Three Cabinet Screws to Avoid

As earlier mentioned, not all screws can be used to secure cabinets on walls. For this, we have to consider the holding power and how the head will not let the whole cabinet slipped off.

In the same manner, not all screws are suitable for the cabinet’s joints and in installing drawers and doors.

There are, however, three screws that you must not use in installing cabinets:

Drywall screws

There are a couple of reasons drywall screws are not suitable for cabinet installation. First is its bugle-shaped head. With this shape, the screw tends to get buried into the wood, instead of sticking out of the wood and holding the cabinet in place.

Moreover, drywall screws have a Phillips head. With this you need to press down the screw while turning it, in order to avoid cam-out. This, while you’re holding the wall cabinet on the other hand.

Further, these type of screws are a little brittle. Hence, it’s risky to put the weight of the cabinet on it. Note that cabinet screws are also thicker and has a sharper tip which makes them better for installing cabinets.

Drawer manufacturer screws

Avoid these because they are not dependable. They will not last years, especially if you put a lot of contents and frequently open and close the drawer. A good alternative is a Rok #8 screw.

Deck/outdoor screws

Although it’s possible to use this, it’s not advisable, considering the screw’s length and the weight of the cabinet and its contents.

If you must use deck screws, you can  use  2½-inch deck screws (with washers) through the back of the cabinet, and through studs.

The Basic Anatomy of a Screw

A screw is composed of five parts: head, drive, shank, thread, and tip.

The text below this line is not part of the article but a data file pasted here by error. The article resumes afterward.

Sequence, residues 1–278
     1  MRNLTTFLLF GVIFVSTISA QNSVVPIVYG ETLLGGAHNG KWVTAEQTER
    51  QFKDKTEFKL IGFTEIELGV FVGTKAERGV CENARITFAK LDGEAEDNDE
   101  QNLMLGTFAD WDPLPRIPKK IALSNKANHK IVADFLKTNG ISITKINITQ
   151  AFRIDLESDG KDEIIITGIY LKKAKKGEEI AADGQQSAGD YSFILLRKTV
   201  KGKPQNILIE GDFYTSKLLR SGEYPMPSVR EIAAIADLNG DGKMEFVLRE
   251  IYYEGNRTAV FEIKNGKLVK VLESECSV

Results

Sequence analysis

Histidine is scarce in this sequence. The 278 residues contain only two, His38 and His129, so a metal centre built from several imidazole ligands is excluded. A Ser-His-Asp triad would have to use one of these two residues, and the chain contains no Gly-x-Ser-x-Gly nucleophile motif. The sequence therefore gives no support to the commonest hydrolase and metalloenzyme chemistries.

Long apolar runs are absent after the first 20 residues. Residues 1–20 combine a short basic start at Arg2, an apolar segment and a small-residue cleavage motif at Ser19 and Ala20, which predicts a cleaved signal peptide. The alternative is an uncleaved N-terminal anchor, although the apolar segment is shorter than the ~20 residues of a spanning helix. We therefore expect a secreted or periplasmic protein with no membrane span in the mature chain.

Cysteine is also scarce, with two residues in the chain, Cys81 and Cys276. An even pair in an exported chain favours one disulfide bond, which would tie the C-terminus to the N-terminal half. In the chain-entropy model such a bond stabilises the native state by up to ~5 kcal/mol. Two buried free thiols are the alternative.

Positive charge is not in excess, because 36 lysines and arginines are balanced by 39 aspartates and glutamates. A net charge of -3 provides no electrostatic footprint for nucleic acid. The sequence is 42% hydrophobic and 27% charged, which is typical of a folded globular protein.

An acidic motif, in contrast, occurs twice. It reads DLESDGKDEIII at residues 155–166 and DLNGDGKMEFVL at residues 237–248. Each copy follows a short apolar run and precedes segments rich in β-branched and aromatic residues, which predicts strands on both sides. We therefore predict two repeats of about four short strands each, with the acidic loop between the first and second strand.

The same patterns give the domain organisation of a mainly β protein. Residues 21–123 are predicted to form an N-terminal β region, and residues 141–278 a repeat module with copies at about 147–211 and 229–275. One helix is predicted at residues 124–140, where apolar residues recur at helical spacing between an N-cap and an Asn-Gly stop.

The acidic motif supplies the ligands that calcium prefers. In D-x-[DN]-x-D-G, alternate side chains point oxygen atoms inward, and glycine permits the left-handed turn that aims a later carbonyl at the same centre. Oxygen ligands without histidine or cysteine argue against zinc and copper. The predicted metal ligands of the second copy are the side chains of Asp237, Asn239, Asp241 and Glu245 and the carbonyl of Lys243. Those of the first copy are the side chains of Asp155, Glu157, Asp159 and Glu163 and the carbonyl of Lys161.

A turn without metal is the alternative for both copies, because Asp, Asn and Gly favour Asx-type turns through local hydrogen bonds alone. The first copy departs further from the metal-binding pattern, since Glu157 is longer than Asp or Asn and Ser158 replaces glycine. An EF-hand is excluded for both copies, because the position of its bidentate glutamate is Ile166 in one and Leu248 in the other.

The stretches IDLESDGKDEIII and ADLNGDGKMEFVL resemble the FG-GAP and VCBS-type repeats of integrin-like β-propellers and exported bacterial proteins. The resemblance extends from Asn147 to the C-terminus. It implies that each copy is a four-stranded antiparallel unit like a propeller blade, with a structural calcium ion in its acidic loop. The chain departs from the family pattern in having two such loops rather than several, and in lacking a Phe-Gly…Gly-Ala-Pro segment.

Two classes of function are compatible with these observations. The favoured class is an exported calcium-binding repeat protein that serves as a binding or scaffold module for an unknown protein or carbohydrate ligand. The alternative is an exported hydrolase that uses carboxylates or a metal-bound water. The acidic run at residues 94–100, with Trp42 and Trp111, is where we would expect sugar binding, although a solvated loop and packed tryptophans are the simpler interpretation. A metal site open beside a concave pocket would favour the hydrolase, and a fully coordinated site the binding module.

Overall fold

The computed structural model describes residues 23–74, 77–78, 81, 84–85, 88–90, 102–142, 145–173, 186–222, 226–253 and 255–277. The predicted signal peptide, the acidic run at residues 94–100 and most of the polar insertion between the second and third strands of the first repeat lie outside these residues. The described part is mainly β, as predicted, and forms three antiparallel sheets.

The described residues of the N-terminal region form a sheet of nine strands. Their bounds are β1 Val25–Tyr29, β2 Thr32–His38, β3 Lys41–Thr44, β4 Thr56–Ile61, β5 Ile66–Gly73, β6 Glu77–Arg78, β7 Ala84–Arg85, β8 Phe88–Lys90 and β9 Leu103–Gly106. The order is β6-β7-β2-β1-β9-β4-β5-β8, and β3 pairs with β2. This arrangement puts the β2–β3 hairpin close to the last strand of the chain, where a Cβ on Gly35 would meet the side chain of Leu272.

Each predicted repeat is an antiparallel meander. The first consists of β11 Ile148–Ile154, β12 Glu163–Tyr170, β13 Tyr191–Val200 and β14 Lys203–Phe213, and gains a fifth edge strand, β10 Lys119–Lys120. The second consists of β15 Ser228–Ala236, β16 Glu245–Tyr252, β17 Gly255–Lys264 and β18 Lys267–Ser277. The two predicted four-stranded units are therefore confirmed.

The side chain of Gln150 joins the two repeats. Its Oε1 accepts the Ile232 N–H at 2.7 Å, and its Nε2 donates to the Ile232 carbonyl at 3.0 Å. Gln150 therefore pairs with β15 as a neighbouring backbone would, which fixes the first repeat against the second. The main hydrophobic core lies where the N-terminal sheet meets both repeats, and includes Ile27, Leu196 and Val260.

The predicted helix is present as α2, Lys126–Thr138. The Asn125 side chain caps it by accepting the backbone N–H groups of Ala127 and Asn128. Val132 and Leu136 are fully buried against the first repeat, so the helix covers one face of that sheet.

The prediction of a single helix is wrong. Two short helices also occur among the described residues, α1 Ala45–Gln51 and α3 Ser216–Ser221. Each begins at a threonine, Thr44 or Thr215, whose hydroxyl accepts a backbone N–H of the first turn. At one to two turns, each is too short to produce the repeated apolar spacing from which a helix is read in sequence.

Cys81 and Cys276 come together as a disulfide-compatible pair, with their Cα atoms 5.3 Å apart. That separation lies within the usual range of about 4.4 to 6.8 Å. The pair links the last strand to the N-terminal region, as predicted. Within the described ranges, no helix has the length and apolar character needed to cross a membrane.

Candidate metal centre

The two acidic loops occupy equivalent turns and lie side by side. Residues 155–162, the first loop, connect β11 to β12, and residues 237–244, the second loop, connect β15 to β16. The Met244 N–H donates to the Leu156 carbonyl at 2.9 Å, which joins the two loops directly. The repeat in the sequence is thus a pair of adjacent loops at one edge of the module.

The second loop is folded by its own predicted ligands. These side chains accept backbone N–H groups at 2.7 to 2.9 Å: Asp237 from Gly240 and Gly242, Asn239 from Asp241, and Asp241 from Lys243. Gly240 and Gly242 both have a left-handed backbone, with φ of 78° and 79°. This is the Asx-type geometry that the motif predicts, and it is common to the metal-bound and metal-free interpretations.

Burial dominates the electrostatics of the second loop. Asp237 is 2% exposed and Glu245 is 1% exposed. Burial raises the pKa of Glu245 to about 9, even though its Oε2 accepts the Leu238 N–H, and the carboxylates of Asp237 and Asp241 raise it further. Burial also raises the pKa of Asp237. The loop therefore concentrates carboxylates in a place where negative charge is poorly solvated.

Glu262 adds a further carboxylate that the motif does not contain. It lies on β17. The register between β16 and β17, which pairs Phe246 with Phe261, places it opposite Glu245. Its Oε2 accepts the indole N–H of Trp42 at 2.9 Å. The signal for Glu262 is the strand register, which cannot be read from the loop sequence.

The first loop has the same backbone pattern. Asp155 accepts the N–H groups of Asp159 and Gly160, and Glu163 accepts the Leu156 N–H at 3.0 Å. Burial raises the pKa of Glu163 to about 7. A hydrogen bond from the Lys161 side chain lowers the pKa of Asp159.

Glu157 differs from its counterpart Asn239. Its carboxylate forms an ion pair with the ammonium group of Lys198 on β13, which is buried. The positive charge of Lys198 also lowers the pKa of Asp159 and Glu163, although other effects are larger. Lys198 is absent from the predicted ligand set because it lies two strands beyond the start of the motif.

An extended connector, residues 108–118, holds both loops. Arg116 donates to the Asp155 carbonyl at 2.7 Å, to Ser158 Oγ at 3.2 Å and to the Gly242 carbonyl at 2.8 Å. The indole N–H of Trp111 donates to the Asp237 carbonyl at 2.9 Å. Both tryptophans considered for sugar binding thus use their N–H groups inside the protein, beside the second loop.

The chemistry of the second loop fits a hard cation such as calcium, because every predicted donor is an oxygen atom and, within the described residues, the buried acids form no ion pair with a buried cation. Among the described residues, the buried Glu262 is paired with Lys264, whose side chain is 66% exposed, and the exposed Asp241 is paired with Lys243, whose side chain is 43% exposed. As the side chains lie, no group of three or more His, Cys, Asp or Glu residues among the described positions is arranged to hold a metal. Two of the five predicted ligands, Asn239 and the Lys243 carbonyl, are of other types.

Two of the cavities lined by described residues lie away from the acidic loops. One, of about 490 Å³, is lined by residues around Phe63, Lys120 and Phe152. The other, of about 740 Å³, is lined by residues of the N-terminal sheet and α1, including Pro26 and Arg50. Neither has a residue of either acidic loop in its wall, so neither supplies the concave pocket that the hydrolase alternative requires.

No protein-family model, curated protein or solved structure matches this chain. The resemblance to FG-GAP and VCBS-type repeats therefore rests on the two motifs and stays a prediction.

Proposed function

Head – refers to the top of the screw; the drive is also part of the head.

There are two types of screw head styles – countersunk and non-countersunk. Countersunk has an angled shape underneath the head.

This requires countersinking so that the wood will not split when you use a drill or put pressure. When they penetrate the wood, the head sits flush on the surface, with little or no protruding parts.

Thus, these are used in projects where the screw head should be submerged or at the same level of the surface. These are usually used on bridge decks, walkways, and handrails.

Non-countersunk, on the other hand, is flat under the head and does not need countersinking. Its head is fully exposed on the surface.

Drive – shape of the mechanism that enable screws to be in place. Types of drive include cross-head, star, square, hex socket, slotted, Philips, torx and Robertson.

Shank – long and narrow body connecting the head to the tip. Most screws have a fully threaded shank that’s defined by helical ridges.

Thread – a ridge wrapped around a cylinder or cone in the form of a helix, with the former being called a straight thread and the latter called a tapered thread.

Tip –  pointed end of a screw. The tip is crucial for the screw to penetrate wood.

Cabinet Installation Screws Buyer’s Guide